Within the annals of Christian history there are a number of events and developments so significant that they form a framework into which other events can be placed. A short list of these major milestones would include such things as the conversion of the Emperor Constantine, the split between the Eastern and the Western Church in the eleventh century, Luther’s publication of his ninety-five theses, and so on.
Among these watershed events, though, one must mention the development of the Nicene Creed—both its conception at the First Council of Nicea in AD 325 and its subsequent expansion at the First Council of Constantinople in AD 381. The Nicene Creed would come to be the most widely used statement of faith in all the Christian Church throughout time. And its popularity can still be seen today as it is recited or otherwise affirmed in the midst of worship by Roman Catholics, Eastern and Oriental Orthodox, Lutherans, Anglicans, Methodists, Presbyterians, and on and on.
But while the Nicene Creed is embraced by millions of Christians of virtually every denominational tradition, some feel a bit uncomfortable with its wording. Some Christians, particularly of a Baptist or otherwise Evangelical stripe, while wholeheartedly supporting the creed’s declaration of the Trinity, flinch at one of the final lines of the text which reads: “We acknowledge one baptism for the forgiveness of sins.” To some these words just seem… well… off. Isn’t it our faith that justifies us? Doesn’t the heart-felt repentance and commitment we make to the Lord in prayer get the job done? Isn’t baptism supposed to be merely an outward expression of an inward and preexistent reality?
Those who feel this way often point to passages in the Bible that support what may be called a direct and immediate view of salvation, that is, a view which implies that justification can be had independent of any outward ritual. As the Apostle Paul declares, “with the heart a person believes, resulting in righteousness, and with the mouth he confesses, resulting in salvation.” (Romans 10:10) And as the Apostle Peter proclaims, we are now living in an age in which, “everyone who calls on the name of the Lord will be saved!” (Acts 2:21) With these passages in mind Evangelicals generally and Baptists specifically sometimes just can’t bring themselves to embrace the creed—after all, the Bible is the prime authority in our lives and creeds (whether they be ancient or modern) are merely human documents liable to error.
But this kind of unease is simply unnecessary. While the Bible does indeed affirm that salvation comes through faith and repentance, it also affirms that baptism is the normal and God-ordained arena in which these sentiments find their appropriate expression. In the book of Acts whenever a man comes to faith in the Lord he is baptized immediately. One might say that his conversion and his baptism are thus so closely linked that they form a single, indistinguishable event. Therefore, while faith and repentance can be expressed simply through prayer, in the New Testament at least, they are always expressed through baptism as an acted prayer.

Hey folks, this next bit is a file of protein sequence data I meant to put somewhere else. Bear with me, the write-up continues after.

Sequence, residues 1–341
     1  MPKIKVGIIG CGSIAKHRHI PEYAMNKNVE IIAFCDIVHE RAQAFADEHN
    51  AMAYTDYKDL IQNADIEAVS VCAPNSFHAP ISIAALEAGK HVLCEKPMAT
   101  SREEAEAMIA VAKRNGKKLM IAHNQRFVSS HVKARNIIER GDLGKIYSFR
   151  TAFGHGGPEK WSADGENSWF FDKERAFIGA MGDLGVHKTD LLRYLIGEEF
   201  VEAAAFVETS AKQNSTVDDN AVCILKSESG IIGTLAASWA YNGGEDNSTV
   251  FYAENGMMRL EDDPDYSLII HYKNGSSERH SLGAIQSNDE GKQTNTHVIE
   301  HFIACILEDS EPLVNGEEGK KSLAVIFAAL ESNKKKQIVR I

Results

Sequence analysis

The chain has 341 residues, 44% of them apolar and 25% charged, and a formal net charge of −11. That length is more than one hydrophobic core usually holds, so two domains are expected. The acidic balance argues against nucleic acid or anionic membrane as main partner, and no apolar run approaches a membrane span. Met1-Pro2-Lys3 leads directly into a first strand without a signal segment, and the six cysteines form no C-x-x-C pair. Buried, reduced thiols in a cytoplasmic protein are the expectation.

This understanding can be supported with verses of its own. For while Peter does declare that all who call on the Lord shall be saved, in that very same sermon, when specifically asked how one obtains this salvation, Peter replied, “Repent and be baptized, every one of you, in the name of Jesus Christ for the forgiveness of your sins.” (Acts 2:38) And later this same man tells us that “baptism now saves you–not the removal of dirt from the flesh, but an appeal to God for a good conscience.” (1 Peter 3:21) Paul too seems to have a somewhat nuanced view of baptism when he writes, “We were therefore buried with him through baptism into death in order that we too may live a new life.” (Romans 6:4) In all this we see that while the Apostles understood that salvation was something communicated to the individual through faith and repentance, those feelings were at least normally expressed to others (God included) through the act of baptism. That is to say, baptism served as the vehicle of repentance.
Of course, in many modern contexts, baptism is often separated from conversion by a lengthy stretch of time–sometimes even a span of years. And thus to the extent that modern Christians distance themselves from the Apostolic practice of baptism they are correct to also distance themselves from the Apostolic interpretation of baptism. A baptism that takes place immediately after one’s conversion can, in a sense, in a Petrine and Pauline sense, be said to save; a baptism that lingers until a decade after the fact cannot. But then again, the inverse is true as well: insofar as we administer baptism as the Apostles did, so too can we speak of it as the Apostles spoke.
Here’s the rub: given all this it would seem that Baptists, more so than any other group, ought to be able to recite the Nicene Creed with a straight face. Among Baptists baptism has retained its position as an act of conversion and dedication which every baptizand ought to approach with both personal faith in and repentance before their Lord and Savior, Jesus Christ. Thus, at least ideally, Baptists may legitimately describe their baptisms, as the Apostles did, as baptisms for the forgiveness of sins. Other groups, specifically those that baptize infants who by virtue of their age are psychologically incapable of repentance and informed faith, cannot. It is these Christians who separate baptism from repentance as a matter of policy who ought to stutter at the last lines of the creed; for to characterize the baptism of an infant as something done “for the forgiveness of sins” is, given the diversity of paedobaptist baptismal theologies, at best, wildly proleptic, or, at worst, flatly erroneous.